The 20 Coolest Cloud Platform And Development Vendors Of The 2015 Cloud 100

Coolest Cloud Platform And Development Vendors For 2015

While the cloud infrastructure space is increasingly dominated by computing giants that make it difficult for any vendor without obscene financial resources to win market share, the platform and development arena is kinder to agile companies looking to make contributions to the emerging IT landscape. For that reason, this is where the innovation is happening.

At the same time, those IaaS behemoths are also moving up the stack. To make that point, this year we included Amazon Web Services and Google Cloud Platform on this segment of our Cloud 100 list, indicative of the fact that the big boys are also offering developers the tools and environments they need to rapidly build and deploy innovative cloud-based applications.

Amazon Web Services

Jeff Bezos


AWS typically appears in the infrastructure segment of our Top 100 Coolest Cloud Vendors list. But the world's largest public cloud now offers so many features and development tools (in the neighborhood of 500), not to mention the Elastic Beanstalk platform and a DevOps certification, that we think it fits in this part of the list just as well.


Daniel Saks

President, Co-CEO

AppDirect is a pure-channel cloud services company that offers a solution to companies and solution providers struggling to identify the best SaaS products. AppDirect sells a platform that solution providers can white-label to create a self-branded marketplace where their customers can shop for and manage a portfolio of cloud-based applications.


Mark Shuttleworth


As developer of Ubuntu, Canonical offers a Linux distribution extremely popular with developers. The latest Ubuntu release offers even closer integration with Docker and Cloud Foundry as well as an updated Juju orchestration tool that works to deploy rival operating systems.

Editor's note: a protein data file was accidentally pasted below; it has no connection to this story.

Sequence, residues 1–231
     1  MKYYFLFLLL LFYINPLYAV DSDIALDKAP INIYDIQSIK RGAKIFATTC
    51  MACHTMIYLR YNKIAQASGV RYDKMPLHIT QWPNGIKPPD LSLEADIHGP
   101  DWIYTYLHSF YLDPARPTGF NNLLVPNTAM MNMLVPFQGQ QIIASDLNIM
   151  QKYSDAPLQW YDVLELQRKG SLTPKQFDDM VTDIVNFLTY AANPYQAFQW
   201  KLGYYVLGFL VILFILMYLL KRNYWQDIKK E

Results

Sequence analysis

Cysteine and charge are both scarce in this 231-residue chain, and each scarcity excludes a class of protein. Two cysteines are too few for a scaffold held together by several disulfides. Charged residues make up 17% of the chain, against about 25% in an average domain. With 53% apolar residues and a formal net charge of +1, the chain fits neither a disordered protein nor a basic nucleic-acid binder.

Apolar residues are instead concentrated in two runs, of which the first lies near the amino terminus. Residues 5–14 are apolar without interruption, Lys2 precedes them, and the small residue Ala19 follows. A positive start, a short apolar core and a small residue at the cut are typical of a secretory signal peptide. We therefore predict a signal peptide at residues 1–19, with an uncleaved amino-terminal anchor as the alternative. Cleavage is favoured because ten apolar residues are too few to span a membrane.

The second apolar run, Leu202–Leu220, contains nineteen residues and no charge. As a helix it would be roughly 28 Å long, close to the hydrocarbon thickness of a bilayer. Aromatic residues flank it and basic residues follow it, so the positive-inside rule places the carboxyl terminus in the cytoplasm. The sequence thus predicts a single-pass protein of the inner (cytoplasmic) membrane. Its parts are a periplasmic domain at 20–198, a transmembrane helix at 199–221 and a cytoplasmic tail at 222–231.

Philippe Llorens


Canopy, a joint venture of EMC, VMware and French IT solution provider Atos, revealed a new Platform-as-a-Service offering this year called Cloud Fabric built from the open-source Cloud Foundry platform. Cloud Fabric aims to meet the needs of enterprises and improve productivity for developers. Canopy has begun searching for North American channel partners to sell the product.

Citrix Systems

Mark Templeton


With Citrix Workspace Cloud, Citrix is bringing to market a cloud-based platform enabling the design and delivery of virtual desktops, applications and mobility services. The recently unveiled platform still in preview will enable channel partners to offer enterprises rapidly deployable, highly customized virtual desktops connected to multiple clouds. CEO Mark Templeton said the new offering would take enterprises "from zero to business-ready-desktop in a flash."


Alex Polvi


This lightweight Linux distribution optimized for massive server deployments introduced a new service called Managed Linux in 2014 that its developers describe as the world’s first OS-as-a-Service. The commercial entity that distributes the open-source CoreOS Linux distribution brought to market the monthly subscription service after closing a Series A funding round of $8.5 million.


Ben Golub


Docker broke out last year as what one Google executive dubbed "the de facto standard for Linux containers." That's not a bad place to be at a time when the potential of a technology that has been around for years is finally being fully understood in the context of a cloud-centric IT and development landscape. Partnerships with just about every major cloud provider, a burgeoning ecosystem and an enterprise-ready release make it seem likely Docker will continue making waves in 2015.


Ravi Srivatsav (pictured), Alberto Arias Maestro


This startup focuses on simplifying the DevOps process by bringing together all components of the application stack in a modular, service-based application development process. The technology focuses on reusable application components and harnesses the power of popular orchestration and containerization tools such as Chef, Puppet, Ansible, Salt and Docker.

Engine Yard

Beau Vrolyk


Engine Yard’s popular cloud platform comes with an automation and orchestration engine that enables developers to build, deploy and manage scalable applications running in a variety of environments. A partner program provides add-on services and a strategic alliance with Microsoft enables developers to use Engine Yard’s platform to build and deploy applications on the Azure cloud.


Larry Page